Stapling for Scoliosis

May 31, 2009 11:21:58 PM PDT
Scoliosis is a condition that causes the spine to curve like an "s" or a "c." Five out of every 1,000 kids need treatment for it. Braces are the most common treatment, but results take years. Surgery is used for extreme cases. Now, there's a less invasive way to correct the curve by using staples.

Kacey Crespo has yelled, kicked and hit her way into a green belt in Tae Kwan Do.

"It's very good when you come from a hard day at school," Kacey told Ivanhoe. "You get to go beat stuff up."

Not bad for a girl who was forced into wearing a brace because of scoliosis, an abnormal curvature of the spine.

"You just look a little lopsided when you look at yourself," Kacey said.

"The worst part was getting her to wear the brace," Kacey's mother, Karla Crespo, told Ivanhoe. "She had to wear it 16 hours a day."

Scoliosis can be painful, and the curve of the spine can make it hard to breathe. Now, a new procedure is straightening spines without the an awkward brace and without spine fusion surgery.

"Stapling has emerged as a way to fuse the spine and [not only] stop progression, but potentially reverse the curvature," Michael Vitale, M.D., a pediatric spine surgeon at Morgan Stanley Children's Hospital in New York, N.Y., told Ivanhoe.

Through two small incisions in the side, surgeons implant inch-long metallic staples across the growth plates of the spine.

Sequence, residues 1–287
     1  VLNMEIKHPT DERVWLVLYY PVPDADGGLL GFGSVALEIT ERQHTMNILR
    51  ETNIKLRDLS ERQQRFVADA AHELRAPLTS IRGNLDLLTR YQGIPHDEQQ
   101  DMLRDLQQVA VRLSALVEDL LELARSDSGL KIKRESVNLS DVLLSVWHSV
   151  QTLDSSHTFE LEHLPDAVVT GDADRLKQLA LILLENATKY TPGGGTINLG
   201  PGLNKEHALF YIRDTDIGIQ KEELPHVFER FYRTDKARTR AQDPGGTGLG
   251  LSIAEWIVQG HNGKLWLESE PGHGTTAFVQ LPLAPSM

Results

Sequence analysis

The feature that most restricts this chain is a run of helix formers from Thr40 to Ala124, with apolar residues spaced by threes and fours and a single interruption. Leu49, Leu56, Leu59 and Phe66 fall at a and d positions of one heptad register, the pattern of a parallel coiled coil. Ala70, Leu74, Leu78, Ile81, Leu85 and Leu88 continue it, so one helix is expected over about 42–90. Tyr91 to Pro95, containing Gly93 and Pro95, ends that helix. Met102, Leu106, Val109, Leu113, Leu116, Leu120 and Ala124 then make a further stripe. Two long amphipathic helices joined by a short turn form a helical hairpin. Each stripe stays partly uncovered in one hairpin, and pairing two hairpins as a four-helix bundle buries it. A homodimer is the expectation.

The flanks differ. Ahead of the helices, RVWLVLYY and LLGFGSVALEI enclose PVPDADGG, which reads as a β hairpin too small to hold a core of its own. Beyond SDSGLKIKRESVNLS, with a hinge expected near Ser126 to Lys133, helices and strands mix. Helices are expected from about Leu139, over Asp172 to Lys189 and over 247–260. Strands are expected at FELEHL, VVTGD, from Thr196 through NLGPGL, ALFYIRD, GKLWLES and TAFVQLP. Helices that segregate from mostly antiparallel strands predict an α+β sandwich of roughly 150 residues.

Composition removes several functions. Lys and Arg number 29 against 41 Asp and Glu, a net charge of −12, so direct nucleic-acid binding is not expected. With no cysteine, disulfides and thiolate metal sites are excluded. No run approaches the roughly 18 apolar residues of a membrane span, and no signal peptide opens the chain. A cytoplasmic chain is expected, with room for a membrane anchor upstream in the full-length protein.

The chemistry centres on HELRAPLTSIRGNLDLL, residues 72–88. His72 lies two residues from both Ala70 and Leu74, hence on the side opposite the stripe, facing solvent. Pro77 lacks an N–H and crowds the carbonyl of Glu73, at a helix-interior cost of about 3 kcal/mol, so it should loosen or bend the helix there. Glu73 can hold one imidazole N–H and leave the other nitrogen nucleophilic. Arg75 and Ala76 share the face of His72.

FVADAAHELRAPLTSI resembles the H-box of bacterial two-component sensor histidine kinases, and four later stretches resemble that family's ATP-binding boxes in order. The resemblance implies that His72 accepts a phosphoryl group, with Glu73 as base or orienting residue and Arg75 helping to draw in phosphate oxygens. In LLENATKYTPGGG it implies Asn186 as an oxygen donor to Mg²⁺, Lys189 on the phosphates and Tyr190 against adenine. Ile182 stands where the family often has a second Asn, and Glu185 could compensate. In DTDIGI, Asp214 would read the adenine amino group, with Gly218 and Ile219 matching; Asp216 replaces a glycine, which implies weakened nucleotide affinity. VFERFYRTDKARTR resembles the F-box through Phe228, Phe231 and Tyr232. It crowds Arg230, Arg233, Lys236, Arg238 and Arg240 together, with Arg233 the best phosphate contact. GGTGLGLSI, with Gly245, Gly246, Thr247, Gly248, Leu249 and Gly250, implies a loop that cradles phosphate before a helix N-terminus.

"The staple is shaped like a rectangle when it's cold, but after being exposed to the warmth of the body, the staple contracts and compresses down," Dr. Vitale said. "So the curve, right in the operating room, gets straight just from the staple squeezing the curvature.

Dr. Vitale says he sees 30 to 40 percent straightening immediately. Stapling isn't for everyone. It works best for children with progressive to moderate scoliosis who are still growing.

"There are cases where if the staples are put in too early, the curve can not only reverse and go to zero, but start to develop the opposite way," Dr. Vitale said.

Kacey's spine went from a 32-degree curve to a 20-degree one within days, and now she's back in class yelling, kicking and hitting her way to a black belt.

Girls are at least four times more likely to develop scoliosis than boys. Stapling works best for girls up to age 12 and boys up to 14. They can be removed but usually are not.

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